This technique works in the same way as "Pointing Pairs", but is used when we have a note with a number repeated in 3 cells of the same block in the same row or column. Such a match means that the given number is in one of the three cells of the column or row, and this number can be excluded from the other cells of the adjacent blocks.
To better understand the "Pointing triples" technique, let's look at an example. We used notes to mark which numbers would appear in the block and row. In the target block, the nine appears up to 3 times in the row + it also appears once in the row outside the block.
Sudoku rules imply that the nine must appear at least once in the left block. So you can remove the nine from the other cells in the row. The choice is now easier.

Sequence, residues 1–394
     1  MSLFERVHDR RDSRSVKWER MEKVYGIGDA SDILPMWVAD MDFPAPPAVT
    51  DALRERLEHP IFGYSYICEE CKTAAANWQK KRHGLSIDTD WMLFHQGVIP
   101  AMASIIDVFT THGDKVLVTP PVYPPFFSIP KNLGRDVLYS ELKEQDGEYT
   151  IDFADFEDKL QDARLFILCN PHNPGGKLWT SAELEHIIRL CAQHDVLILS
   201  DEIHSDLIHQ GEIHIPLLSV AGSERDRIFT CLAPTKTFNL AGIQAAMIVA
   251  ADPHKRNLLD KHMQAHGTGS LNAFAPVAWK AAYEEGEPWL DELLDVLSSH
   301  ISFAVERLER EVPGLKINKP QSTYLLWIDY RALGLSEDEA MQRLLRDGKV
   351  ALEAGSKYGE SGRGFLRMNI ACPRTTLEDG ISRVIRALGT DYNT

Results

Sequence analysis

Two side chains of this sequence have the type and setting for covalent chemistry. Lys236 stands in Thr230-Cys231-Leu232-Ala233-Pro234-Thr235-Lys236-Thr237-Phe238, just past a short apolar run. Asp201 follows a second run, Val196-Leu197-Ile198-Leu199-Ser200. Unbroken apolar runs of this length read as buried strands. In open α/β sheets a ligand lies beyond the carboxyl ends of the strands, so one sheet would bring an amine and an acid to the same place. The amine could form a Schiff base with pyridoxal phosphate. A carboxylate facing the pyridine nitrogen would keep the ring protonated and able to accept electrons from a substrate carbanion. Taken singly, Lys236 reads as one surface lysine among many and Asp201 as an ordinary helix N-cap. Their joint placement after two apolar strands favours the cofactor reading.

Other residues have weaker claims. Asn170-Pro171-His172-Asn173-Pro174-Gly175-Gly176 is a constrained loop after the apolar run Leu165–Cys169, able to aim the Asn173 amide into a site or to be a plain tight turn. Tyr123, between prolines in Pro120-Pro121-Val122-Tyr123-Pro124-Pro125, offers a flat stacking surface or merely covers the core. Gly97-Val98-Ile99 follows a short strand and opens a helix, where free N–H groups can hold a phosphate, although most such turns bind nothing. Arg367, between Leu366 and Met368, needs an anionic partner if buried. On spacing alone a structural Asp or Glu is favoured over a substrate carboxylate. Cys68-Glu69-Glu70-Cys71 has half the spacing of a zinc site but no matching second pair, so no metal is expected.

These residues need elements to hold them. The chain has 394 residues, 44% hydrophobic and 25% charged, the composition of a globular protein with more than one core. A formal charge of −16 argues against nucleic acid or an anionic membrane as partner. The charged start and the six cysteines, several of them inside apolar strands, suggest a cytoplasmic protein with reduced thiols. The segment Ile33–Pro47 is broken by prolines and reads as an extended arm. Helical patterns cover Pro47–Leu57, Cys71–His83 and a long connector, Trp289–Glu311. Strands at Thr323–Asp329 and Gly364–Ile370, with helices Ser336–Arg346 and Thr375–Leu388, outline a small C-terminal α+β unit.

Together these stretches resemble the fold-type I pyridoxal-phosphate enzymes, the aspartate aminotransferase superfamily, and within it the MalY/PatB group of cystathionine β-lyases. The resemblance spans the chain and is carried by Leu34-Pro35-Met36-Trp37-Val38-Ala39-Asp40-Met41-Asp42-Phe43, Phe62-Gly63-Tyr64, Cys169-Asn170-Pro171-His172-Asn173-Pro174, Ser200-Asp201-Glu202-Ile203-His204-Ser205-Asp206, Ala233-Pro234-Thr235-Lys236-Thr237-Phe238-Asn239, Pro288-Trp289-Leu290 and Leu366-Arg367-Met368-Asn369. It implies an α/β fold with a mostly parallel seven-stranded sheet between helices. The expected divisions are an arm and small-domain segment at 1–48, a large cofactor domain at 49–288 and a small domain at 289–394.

The "Pointing triples" technique works for rows and columns.
The technique is simple, but it allows you to narrow down the number of choices in your notes. And that means you're getting closer to solving the Sudoku. As with the methods listed above, "Pointing triples" can be combined with other techniques. This method will help you solve any level of Sudoku, from the easiest to the most difficult.